EPA’s New Mercury Rule? Environmental Hocus Pocus

David Kreutzer, Ph.D.December 21, 2011, Heritage Blog

The EPA’s analysis of the new mercury rule (the Utility Maximum Achievable Control Technology, or Utility MACT) is yet another example of regulatory bait-and-switch. The rule refers to mercury but really targets CO2, and it generates its purported benefits from reducing particulates that are already covered by other regulations. For an excellent and revealing analysis of the EPA calculations, see Anne E. Smith’s technical comments.

via EPA’s New Mercury Rule? Environmental Hocus Pocus.

 

Advertisements

About Russ Steele
Freelance writer and climate change blogger. Russ spent twenty years in the Air Force as a navigator specializing in electronics warfare and digital systems. After his service he was employed for sixteen years as concept developer for TRW, an aerospace and automotive company, and then was CEO of a non-profit Internet provider for 18 months. Russ's articles have appeared in Comstock's Business, Capitol Journal, Trailer Life, Monitoring Times, and Idaho Magazine.

2 Responses to EPA’s New Mercury Rule? Environmental Hocus Pocus

  1. Russ says:

    This one costly rule, it could turn our the lights for some rural communities.

    An Associated Press analysis has found that more than 32 mostly coal-fired power plants in a dozen states will be forced to close because of the new, more stringent regulations. Another 36 plants are at risk of closing.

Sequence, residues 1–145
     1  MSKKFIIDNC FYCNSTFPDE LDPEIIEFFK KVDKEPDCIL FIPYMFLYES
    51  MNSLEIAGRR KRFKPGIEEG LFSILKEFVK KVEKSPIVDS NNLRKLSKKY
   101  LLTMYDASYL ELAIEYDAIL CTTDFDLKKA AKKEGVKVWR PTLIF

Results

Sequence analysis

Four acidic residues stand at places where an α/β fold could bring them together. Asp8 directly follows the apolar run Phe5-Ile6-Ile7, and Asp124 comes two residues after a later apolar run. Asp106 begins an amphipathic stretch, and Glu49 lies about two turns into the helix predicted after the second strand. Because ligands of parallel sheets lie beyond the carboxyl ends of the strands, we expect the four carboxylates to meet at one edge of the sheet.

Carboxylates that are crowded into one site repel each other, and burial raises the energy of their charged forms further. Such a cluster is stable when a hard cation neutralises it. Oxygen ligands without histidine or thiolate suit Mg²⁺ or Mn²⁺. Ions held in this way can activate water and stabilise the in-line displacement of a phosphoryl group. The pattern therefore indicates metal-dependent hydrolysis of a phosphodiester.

No lights will go dark. But the Environmental Protection Agency has estimated that 14.7 gigawatts — enough power for more than 11 million households — will be retired from the power grid in the 2014-15 period when the rules take effect.

    One rule curbs air pollution in states downwind from dirty power plants. Another sets first standards for mercury and other toxic pollutants from smokestacks.

    The effect is greatest in the Midwest and in coal belt states such as Virginia and West Virginia, where dozens of units are likely to shut down.

  2. Dena says:

    If the EPA wants to control Mercury emissions then give me back my old light bulb. The new ones are so fragile that I suspect a good number are broke before they are properly recycled.

Leave a Reply

Fill in your details below or click an icon to log in:

WordPress.com Logo

You are commenting using your WordPress.com account. Log Out / Change )

Twitter picture

You are commenting using your Twitter account. Log Out / Change )

Facebook photo

You are commenting using your Facebook account. Log Out / Change )

Google+ photo

You are commenting using your Google+ account. Log Out / Change )

Connecting to %s

%d bloggers like this: